What do Cambridge Law Professors/Lecturers look for when they mark the Cambridge Law Test?

First, we would highly recommend that you check out these two articles written by Clare Fenton-Glynn and Dominic de Cogan, both of whom teach at the Cambridge Faculty of Law, for their perspectives on what makes a great Cambridge Law Test answer. (Bear in mind, however, that the article by Fenton-Glynn is based on an old version of the CLT, which involved a passage-based question).

For your convenience, we’ve read through the two articles and summarised the key elements to what makes a great answer:

Points that are clearly relevant to the question asked

Each main paragraph should be discussing an argument that helps answer the question. For example, on the question, “Is it justifiable to require everyone to register their DNA for the purpose of identifying criminals?”, the examiners do not want a general discussion of the importance of crime-fighting or how police registration of DNA would work. These do not really answer the question of whether it is justifiable to register everyone’s DNA. In fact, de Cogan says that each student “should always be able to explain why you are making each point, and how it helps to answer the question”.

An exploration of both the arguments and the counter-arguments

Even if you strongly agree or disagree with one position, you should always be identifying and discussing counter-arguments – and responding to them if there are certain weaknesses in these counter-arguments. More often than not, the questions set will not have a straightforward answer and in fact multiple viewpoints will be valid. As such, your essay would be incomplete or missing the point if you did not in fact raise any opposing viewpoints.

A logical structure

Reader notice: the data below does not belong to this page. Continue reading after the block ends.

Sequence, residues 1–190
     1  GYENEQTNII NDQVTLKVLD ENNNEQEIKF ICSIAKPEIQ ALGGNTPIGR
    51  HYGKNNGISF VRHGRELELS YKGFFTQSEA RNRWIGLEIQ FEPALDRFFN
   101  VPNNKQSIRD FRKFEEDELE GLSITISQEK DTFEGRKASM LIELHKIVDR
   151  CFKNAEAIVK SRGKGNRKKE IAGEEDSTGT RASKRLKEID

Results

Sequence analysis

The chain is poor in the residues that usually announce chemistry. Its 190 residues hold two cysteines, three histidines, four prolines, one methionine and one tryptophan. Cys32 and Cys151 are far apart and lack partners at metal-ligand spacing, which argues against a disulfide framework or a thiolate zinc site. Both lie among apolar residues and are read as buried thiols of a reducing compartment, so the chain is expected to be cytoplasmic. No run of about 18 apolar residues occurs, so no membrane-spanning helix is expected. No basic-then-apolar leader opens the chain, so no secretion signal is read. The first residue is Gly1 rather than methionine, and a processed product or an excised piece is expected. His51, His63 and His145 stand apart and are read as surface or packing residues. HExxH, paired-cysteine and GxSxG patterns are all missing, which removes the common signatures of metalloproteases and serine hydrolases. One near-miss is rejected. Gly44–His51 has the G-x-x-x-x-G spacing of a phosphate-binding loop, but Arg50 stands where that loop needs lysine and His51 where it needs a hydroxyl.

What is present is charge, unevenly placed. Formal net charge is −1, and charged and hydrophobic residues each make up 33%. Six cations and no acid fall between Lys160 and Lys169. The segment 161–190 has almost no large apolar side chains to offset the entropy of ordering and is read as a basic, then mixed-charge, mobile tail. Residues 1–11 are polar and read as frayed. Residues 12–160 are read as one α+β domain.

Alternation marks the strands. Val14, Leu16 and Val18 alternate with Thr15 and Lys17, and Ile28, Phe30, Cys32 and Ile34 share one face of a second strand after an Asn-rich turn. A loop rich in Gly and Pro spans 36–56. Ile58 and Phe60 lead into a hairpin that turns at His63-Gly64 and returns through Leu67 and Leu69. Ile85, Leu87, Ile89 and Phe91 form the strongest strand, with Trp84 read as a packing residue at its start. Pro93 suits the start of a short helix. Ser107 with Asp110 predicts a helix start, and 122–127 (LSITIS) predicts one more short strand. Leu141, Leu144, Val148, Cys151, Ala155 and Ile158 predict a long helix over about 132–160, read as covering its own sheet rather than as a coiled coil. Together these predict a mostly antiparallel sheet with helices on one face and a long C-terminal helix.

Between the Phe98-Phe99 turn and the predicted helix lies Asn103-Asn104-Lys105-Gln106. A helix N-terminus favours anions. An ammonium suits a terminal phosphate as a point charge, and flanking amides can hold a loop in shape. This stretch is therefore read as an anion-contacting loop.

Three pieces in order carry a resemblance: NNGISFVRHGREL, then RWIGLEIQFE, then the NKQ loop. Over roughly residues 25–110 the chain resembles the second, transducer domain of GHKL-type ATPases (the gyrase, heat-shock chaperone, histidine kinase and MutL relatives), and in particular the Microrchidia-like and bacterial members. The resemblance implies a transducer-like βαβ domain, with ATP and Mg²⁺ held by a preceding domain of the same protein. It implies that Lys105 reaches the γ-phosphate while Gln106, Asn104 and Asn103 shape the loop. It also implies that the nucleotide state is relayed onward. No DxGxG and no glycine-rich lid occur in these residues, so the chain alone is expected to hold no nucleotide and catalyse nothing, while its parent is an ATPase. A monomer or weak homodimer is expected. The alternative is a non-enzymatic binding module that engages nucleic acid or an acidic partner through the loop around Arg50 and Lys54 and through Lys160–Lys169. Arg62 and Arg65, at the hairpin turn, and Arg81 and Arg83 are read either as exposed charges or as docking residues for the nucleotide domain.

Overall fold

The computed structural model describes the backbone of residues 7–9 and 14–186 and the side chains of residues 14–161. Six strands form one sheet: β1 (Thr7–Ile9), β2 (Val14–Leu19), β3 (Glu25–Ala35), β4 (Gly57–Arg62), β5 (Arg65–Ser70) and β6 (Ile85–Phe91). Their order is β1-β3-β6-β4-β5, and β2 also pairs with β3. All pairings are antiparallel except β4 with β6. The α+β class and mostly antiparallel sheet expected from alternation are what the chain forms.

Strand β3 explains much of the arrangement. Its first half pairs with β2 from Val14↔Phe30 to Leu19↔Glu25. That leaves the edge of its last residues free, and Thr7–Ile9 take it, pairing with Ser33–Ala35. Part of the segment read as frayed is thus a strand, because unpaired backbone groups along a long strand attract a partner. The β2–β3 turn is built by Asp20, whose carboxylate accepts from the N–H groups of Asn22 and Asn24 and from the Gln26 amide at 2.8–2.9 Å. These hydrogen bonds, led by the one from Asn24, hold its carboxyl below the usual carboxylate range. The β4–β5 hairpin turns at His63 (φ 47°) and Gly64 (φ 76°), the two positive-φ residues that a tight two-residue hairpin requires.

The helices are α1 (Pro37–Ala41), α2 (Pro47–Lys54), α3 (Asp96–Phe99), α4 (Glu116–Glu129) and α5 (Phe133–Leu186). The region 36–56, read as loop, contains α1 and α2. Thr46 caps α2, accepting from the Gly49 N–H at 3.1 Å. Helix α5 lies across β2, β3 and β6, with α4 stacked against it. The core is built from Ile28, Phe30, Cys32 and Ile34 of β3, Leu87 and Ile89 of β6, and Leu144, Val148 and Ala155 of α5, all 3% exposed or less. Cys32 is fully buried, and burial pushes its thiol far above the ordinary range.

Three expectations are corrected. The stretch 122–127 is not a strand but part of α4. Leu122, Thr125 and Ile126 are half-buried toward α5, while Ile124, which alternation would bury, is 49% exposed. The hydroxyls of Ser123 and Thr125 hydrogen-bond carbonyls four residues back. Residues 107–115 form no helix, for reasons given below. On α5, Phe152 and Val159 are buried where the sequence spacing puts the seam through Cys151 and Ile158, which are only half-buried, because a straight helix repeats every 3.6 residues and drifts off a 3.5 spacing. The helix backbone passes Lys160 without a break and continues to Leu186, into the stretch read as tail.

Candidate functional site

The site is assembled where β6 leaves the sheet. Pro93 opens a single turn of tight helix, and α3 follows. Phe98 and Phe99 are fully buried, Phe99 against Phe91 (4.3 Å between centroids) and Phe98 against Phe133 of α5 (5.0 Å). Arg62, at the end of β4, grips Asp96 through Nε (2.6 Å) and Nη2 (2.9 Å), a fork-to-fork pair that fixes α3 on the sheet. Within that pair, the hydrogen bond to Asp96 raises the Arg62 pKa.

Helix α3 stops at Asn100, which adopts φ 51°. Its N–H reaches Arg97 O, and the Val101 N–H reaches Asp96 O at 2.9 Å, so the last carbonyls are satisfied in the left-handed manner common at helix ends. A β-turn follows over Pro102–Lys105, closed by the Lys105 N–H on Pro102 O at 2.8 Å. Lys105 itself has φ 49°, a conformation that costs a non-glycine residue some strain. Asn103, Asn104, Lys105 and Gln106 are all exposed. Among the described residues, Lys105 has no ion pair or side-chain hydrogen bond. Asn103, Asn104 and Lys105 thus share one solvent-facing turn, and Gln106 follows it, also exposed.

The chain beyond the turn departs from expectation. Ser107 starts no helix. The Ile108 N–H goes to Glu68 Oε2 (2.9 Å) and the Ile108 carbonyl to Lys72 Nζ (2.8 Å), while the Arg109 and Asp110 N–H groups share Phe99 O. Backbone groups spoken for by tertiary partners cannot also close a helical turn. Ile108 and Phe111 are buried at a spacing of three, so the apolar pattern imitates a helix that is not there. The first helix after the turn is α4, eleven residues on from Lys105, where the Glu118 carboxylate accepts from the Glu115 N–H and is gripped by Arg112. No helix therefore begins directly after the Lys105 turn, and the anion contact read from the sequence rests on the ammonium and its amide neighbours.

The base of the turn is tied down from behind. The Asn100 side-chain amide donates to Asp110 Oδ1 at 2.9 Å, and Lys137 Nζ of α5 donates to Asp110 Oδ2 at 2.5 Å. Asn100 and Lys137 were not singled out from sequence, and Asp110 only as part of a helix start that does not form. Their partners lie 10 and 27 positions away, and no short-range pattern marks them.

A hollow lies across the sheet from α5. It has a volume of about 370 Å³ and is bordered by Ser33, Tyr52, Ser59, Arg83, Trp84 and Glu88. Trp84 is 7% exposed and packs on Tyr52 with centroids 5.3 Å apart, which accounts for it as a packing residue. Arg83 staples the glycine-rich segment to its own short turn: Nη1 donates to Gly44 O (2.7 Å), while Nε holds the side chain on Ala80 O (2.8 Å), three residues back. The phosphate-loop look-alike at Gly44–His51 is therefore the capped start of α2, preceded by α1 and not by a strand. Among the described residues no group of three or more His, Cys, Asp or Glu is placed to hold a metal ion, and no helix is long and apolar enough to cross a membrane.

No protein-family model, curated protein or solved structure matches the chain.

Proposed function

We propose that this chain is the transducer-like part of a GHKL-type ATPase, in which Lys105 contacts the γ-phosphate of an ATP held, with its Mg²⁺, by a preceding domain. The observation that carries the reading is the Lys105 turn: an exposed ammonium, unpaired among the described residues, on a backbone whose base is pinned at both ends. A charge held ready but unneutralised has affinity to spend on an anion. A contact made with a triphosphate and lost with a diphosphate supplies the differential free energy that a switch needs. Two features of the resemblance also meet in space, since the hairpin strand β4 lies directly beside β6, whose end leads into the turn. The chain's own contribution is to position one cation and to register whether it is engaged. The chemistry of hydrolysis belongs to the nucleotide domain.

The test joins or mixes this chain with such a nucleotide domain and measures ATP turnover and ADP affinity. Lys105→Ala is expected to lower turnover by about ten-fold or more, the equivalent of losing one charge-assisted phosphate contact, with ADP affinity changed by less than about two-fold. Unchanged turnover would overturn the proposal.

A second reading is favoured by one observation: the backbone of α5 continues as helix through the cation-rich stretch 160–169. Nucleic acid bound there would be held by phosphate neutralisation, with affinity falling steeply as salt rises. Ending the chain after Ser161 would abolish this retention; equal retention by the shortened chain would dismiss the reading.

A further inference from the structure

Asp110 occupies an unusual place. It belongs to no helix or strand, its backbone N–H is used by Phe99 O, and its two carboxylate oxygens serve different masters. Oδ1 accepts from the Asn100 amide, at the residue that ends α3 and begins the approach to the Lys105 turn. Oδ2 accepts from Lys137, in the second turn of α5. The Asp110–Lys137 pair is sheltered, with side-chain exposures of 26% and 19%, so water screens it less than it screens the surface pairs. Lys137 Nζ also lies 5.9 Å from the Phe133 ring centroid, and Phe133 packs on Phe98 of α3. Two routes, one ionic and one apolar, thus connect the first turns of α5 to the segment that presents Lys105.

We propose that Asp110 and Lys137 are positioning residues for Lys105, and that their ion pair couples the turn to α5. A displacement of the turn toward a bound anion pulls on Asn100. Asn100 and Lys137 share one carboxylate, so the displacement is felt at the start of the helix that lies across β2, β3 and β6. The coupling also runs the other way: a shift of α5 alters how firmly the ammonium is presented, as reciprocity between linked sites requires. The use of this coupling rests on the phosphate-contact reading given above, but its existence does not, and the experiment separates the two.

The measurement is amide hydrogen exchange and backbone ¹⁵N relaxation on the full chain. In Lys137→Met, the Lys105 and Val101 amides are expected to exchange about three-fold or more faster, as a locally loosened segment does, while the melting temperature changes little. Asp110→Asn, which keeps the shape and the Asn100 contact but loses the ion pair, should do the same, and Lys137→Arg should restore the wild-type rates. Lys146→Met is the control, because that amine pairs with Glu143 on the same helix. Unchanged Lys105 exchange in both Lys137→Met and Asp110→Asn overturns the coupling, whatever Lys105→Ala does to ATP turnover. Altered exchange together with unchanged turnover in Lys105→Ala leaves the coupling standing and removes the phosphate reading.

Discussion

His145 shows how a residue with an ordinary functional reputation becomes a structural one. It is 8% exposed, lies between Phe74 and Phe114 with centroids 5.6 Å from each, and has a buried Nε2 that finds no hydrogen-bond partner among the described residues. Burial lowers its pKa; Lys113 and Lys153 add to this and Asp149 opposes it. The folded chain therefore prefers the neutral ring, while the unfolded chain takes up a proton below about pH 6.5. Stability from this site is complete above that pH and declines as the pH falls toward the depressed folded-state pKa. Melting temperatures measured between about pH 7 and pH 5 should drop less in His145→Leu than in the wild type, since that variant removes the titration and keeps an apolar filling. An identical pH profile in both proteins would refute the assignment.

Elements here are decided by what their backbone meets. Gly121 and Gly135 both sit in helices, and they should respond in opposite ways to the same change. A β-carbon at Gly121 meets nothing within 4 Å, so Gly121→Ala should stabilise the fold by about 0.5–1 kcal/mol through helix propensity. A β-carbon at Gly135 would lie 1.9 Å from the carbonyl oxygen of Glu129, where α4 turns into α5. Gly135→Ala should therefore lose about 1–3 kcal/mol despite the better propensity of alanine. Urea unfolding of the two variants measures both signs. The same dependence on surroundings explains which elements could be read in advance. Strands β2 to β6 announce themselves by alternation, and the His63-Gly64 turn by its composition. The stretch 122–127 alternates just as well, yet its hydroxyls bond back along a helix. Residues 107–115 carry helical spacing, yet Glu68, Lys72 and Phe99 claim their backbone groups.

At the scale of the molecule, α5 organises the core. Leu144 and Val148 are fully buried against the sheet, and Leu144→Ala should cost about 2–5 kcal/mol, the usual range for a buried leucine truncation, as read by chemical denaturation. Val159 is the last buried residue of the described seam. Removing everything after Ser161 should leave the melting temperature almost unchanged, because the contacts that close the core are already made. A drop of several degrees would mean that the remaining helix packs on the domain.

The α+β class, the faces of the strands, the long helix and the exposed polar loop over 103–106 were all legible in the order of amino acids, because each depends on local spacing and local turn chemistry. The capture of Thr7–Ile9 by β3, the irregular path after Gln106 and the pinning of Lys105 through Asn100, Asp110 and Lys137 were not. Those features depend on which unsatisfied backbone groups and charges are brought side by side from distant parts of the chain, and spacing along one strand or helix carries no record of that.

As de Cogan notes, it should be clear and obvious “how you have decided to answer the question”. A good way of demonstrating this is setting out in your introduction the basic structure of your essay, e.g. “First, this essay will discuss…; then, this essay will discuss…; finally, this essay will conclude by examining…”

Clear and understandable writing

Apart from spelling and grammar, it is important to make sure that your writing is concise. You should not be writing sentences that are fifty or sixty words long! It is often better to write short sentences with understandable English that clearly convey your point. Do not include obscure and difficult vocabulary for the sake of it! de Cogan says that he would prefer a student write clearly in “in short sentences and with one- and two-syllable words” rather than “obscurely with many-syllabled words”.

An evaluation of the strengths and weaknesses of the arguments

de Cogan suggests that it would be useful to conclude whether “your view is much stronger than the alternatives” or whether they would in fact be “finely balanced”. This means not just raising arguments but considering whether they are strong or weak, and whether certain arguments might outweigh others. For example, on the question, “Is it justifiable to require everyone to register their DNA for the purpose of identifying criminals?”, you might identify competing considerations: the objective of crime-fighting and the right to privacy. It would be useful to evaluate which consideration would weigh more heavily in the context of a mandatory registration of everyone’s DNA, or if you think that the arguments are in fact quite evenly matched.

Spending adequate time on all parts of the argument

Both Fenton-Glynn and de Cogan discuss the importance of timing and making sure that you are dedicating equal time to the arguments you have planned to discuss in your essay. It is not useful to spend paragraphs elaborating one argument and then only discussing the other argument you have planned in one or two sentences because you have run out of time! It would help to fix the time you are writing for each argument/section of your essay beforehand (e.g. 5 minutes for your introduction, 15 minutes for one of your main arguments, 15 minutes for your second argument, 15 minutes for laying out an important counter-argument and your response, and then 5 minutes for your conclusion and 5 minutes to proofread) and just wrap up and move on when you have exceeded that time.

Photo by Friends of Europe (Creative Commons licence here).

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